Major went the full five years (and a month) when he did April 1992 to May 1997.

    Now I'm not sure we've ever had a truly Christmas campaign. I'm not sure what that would look like. Instead of the stjohn crossword, would we be discussing where Ed Davey's photo op of him eating his Christmas dinner would be?
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    boulayboulay Posts: 4,502
    Off topic but I’ve just accidentally “off topic” a post whilst catching up on last night’s thread so apologies to mods and poster!
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    TheValiantTheValiant Posts: 1,793
    DavidL said:

    ydoethur said:

    DavidL said:

    In other news the surviving turkeys voted to have another Christmas early.

    Not going to happen.

    Turkeys don’t want to get stuffed prematurely.
    Indeed. Somewhere between 50 and 250 Tory MPs are going to lose their jobs. Not only that but their spouses will lose their jobs too, their right to office expenses, travel and housing subsidy will end, as will anybody paying attention to what they say. It will be a financial disaster for most, only the odd rich one such as Sunak or Hunt or the Saj won't really feel the pain and 2 of those will suffer loss of office. The idea that the Conservative party is going to go for an early election is frankly nuts unless the polling changes out of all recognition.
    I agree. It's quite odd though that it appears that the public WANT a General Election (usually they don't), but of course few understand how one can be arranged.
    Maybe the respondents are simply going: "Last election 2019 - normal term length - 4 years - 2019 + 4 = 2023, oh, it'll be a General Election in May then......"?
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    IanB2IanB2 Posts: 47,807
    edited December 2022
    Cicero said:

    Sean_F said:

    The government won’t want to hold an election while inflation is running ahead of pay increases.

    By 2024, pay increases should be running ahead of inflation.

    I don´t think any of that will make a difference. The voters just want to strangle the Tories regardless. Indeed, I am beginning to wonder if, after the past seven years of stunning incompetence and arrogance, the demographic millstone of older Tory voters dying off, and the fundamental changes coming under the new King, that we might even be looking at the "strange death of Tory England".

    A post Conservative Britain is becoming a real possibility, and the short term ups and downs of this Parliament are not so important as the massive political cyclical change that may well lie ahead.

    Perhaps I should do a thread on that...
    It would be worth a thread. We had the Tories for 18 years, Labour for 13 years, then the Tories (with a little help at the beginning) for what will likely be 14 years. So the likelihood is, if not their death, that we won't have the Tories in again for at least a decade. The big question is whether Labour has the wider vision to change to a fairer voting system during that decade....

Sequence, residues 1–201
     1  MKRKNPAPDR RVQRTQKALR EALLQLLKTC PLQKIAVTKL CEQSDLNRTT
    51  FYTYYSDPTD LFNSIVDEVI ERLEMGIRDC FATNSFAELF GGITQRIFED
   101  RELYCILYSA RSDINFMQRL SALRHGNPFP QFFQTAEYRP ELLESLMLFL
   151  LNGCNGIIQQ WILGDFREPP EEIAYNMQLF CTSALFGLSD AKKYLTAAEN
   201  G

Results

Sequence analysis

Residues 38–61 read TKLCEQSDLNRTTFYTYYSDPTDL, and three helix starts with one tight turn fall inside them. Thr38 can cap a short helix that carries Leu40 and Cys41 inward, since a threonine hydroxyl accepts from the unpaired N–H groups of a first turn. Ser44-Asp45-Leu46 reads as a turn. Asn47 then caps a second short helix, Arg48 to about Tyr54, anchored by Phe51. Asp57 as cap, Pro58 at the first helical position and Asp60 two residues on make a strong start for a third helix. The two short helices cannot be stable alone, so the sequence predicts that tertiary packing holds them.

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    kinabalukinabalu Posts: 39,751

    Scott_xP said:

    Lord Frosty @DavidGHFrost ends the year as he begun it..writing sub-teenage banalities to defend his Brexit deal..2023 will show it to be even more gullibly calamitous than it seemed at the time:
    https://twitter.com/pmdfoster/status/1609082375522377728

    Lord David Frost is so relentlessly mediocre of thought and deed that it is almost compelling. How did such a non-entity, who failed spectacularly when given the one important job he ever had, become a standard bearer for the right? I guess, like all grifters, he knows what his audience wants to hear.
    The ideas and values of the Brexity Right are tawdry therefore the people who emerge as leading lights in that space are likely to showcase this quality.
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    Foxy said:

    IanB2 said:

    sbjme19 said:

    Major went the full five years, hoping for something to turn up. I don't think that will repeat, December's always dodgy, although in 2019 the weather didn't put people off, I think it'd have been different this year.
    I don't think it'll be 2023 though, unless something completely unexpected turns Tory fortunes around.

    It'll be October 2024.

    Meanwhile, no visible sunrise this morning, latest one of the year notwithstanding
    I reckon so too. Another 18 months of zombie government.
    It might look like a zombie government, but it’s really masterful inaction. This government will, deliberately but without being so crass as to actually say it out loud, run everything down as much as they can, building on the damage they’ve done over the last 12 years. The idea is to leave a smoking wreckage for Labour. They longer the Tories remain in office, the more they can do and the harder it will be for Labour to repair. It’s spiteful and morally bankrupt but they’re Tories, so they don’t care.

    None of this will be made explicit, but just watch what they do. Happily let the NHS continue to decline, resist public sector wage demands, resist any kind of sanity in our dealings with the EU. Storing up problems for Labour. Assiduously salting the earth.

    If they can continue to antagonise Scot Nats whilst punting another referendum into the next parliament, that will be good too. So, if they do end up seceding, HYUFD can say it was a Labour government that let Scotland go, much like he burbles that it was a Labour government that let India go. Same goes with NI. This current iteration of the Tory Party doesn’t give a fig about Scotland or NI.